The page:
It has been a busy week for the Ahmedabad Traffic Police since the Gujarat government implemented the newly amended Motor Vehicles Act, as the traffic police is tasked with ensuring that the act is implemented properly and that traffic laws are followed by the public.
Tejas Patel, Deputy Commissioner of Police (Traffic administration), spoke to The Indian Express about how the city has fared in the past one week and what challenges lie ahead for the traffic police.
What has been the response of Ahmedabad motorists since the implementation of the MV Act?
We have seen a positive change in the behaviour of the public towards traffic laws and more than 80% of motorists have been wearing helmets and seat belts. The violation has decreased up to three times just this week itself. We have seen a change in the public due to consistent traffic awareness campaigns carried out by us.
Has the Traffic Police faced any problem regarding the manpower and logistics while manning traffic?
No, at present the total strength of the traffic police staff is around 4,100, if we include the TRP (Traffic Reserve Police)jawans. So we are self sufficient at the moment, to manage the traffic needs.
What about traffic management in congested areas such as Pakwan chokdi, RTO intersection, Kalupur and other old city areas?
These areas have engineering issues, which are being looked into by the concerned department. For example, Pakwan chokdi is facing congestion due to the ongoing construction work at SG highway. Similarly, Kalupur has narrow roads and the traffic that runs through it is beyond the road capacity.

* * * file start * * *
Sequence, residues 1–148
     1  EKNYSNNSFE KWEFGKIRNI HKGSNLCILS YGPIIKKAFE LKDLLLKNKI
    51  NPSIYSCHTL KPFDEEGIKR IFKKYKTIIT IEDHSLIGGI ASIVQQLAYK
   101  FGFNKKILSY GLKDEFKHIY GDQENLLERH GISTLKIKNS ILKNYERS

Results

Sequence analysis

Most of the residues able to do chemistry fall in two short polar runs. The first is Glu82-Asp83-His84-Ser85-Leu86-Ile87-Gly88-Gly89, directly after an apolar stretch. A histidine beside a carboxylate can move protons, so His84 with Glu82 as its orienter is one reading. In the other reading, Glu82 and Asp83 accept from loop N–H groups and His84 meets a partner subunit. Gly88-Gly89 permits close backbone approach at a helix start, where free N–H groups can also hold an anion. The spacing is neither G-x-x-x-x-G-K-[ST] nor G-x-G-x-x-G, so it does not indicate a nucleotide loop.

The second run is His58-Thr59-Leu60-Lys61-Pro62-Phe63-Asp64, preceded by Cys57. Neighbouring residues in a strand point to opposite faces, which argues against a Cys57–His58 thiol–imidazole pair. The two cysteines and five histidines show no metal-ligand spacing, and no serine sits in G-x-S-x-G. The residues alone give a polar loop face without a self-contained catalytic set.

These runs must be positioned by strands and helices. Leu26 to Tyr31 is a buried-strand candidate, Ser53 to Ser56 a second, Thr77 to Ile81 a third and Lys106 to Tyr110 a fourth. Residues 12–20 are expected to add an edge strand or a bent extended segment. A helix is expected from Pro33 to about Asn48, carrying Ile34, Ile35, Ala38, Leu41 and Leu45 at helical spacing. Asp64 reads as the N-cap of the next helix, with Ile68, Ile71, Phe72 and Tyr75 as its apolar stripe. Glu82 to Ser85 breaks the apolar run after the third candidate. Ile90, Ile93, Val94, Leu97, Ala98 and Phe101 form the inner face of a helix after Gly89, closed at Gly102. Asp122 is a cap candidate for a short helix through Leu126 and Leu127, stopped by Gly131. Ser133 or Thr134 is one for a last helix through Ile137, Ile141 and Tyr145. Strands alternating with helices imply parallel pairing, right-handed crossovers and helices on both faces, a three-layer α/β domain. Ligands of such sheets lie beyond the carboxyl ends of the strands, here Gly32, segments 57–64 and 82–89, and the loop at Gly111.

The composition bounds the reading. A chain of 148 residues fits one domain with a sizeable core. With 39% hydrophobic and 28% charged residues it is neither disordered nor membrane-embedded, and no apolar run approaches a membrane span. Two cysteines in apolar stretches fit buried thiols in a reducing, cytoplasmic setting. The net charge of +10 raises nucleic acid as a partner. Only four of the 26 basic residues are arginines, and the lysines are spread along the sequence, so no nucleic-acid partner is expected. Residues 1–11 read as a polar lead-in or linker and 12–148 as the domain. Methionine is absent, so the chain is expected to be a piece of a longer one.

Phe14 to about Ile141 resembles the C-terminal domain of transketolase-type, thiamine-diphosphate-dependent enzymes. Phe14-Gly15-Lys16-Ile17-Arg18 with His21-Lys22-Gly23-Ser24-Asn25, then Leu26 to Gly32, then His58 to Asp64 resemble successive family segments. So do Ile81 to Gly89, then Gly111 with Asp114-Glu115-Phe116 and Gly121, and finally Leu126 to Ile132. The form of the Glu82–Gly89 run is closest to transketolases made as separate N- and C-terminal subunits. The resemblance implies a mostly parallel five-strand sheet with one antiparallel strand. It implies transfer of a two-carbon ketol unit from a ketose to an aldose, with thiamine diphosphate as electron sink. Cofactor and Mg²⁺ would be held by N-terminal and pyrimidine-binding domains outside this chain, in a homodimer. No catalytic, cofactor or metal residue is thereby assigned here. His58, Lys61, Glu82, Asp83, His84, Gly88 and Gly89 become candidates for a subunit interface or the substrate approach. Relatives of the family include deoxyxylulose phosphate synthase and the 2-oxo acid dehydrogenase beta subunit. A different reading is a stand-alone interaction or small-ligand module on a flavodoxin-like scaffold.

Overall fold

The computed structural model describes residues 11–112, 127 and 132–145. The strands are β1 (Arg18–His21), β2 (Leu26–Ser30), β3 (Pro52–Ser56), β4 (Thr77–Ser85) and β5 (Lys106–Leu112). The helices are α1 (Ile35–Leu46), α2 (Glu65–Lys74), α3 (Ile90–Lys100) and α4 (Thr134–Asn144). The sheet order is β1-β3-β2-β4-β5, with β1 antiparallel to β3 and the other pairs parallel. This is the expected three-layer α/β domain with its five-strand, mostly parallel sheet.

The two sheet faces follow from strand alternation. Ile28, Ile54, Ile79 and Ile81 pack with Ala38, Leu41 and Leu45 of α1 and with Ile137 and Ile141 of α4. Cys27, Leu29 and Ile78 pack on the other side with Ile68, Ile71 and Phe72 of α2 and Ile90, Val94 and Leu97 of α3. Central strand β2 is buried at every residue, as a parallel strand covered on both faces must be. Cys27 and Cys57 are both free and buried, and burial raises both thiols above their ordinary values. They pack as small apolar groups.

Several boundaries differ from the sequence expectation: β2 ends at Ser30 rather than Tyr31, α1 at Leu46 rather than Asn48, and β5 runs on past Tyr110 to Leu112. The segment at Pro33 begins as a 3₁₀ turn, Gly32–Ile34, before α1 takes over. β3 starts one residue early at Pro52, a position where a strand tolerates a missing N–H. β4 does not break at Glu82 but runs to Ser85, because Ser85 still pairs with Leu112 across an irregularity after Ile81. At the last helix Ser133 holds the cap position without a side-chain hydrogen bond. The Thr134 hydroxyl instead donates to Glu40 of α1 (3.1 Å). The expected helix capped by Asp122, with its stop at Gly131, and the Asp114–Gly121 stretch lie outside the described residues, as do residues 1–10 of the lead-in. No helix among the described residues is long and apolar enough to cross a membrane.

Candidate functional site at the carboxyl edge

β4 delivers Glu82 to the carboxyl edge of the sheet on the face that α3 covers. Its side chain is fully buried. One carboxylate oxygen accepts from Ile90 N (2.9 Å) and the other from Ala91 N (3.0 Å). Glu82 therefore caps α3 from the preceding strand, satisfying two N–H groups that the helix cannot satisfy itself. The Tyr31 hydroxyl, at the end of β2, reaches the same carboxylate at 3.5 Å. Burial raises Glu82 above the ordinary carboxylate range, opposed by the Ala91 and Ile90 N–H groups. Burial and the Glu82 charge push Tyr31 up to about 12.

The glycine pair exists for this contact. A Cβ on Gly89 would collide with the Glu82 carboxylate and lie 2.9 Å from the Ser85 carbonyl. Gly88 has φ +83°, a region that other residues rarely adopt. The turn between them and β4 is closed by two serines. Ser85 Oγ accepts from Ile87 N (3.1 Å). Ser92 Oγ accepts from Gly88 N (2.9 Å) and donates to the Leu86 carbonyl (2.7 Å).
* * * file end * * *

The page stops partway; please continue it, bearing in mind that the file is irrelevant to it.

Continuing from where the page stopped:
Since the Gujarat government has extended the deadline for wearing helmets as well as for acquiring PUC (Pollution Under control) certificates and high security registration plates, has the city traffic police adopted a softer approach towards all violations?
No, on the contrary, we will be strict towards other violations which are still active in the MV act. From next week onwards, our focus will be on offences such as wrong side driving and talking on the phone while driving. Our intent is to create awareness and not just charge penalties.
Is there any state model that the Ahmedabad Traffic Police would like to emulate?
We have been emulating the Bangalore model where there are separate police stations for traffic violations. Ahmedabad is the first city in Gujarat to have 14 dedicated police stations for traffic. Similarly, we would also like to emulate Delhi model for pay and parking system.
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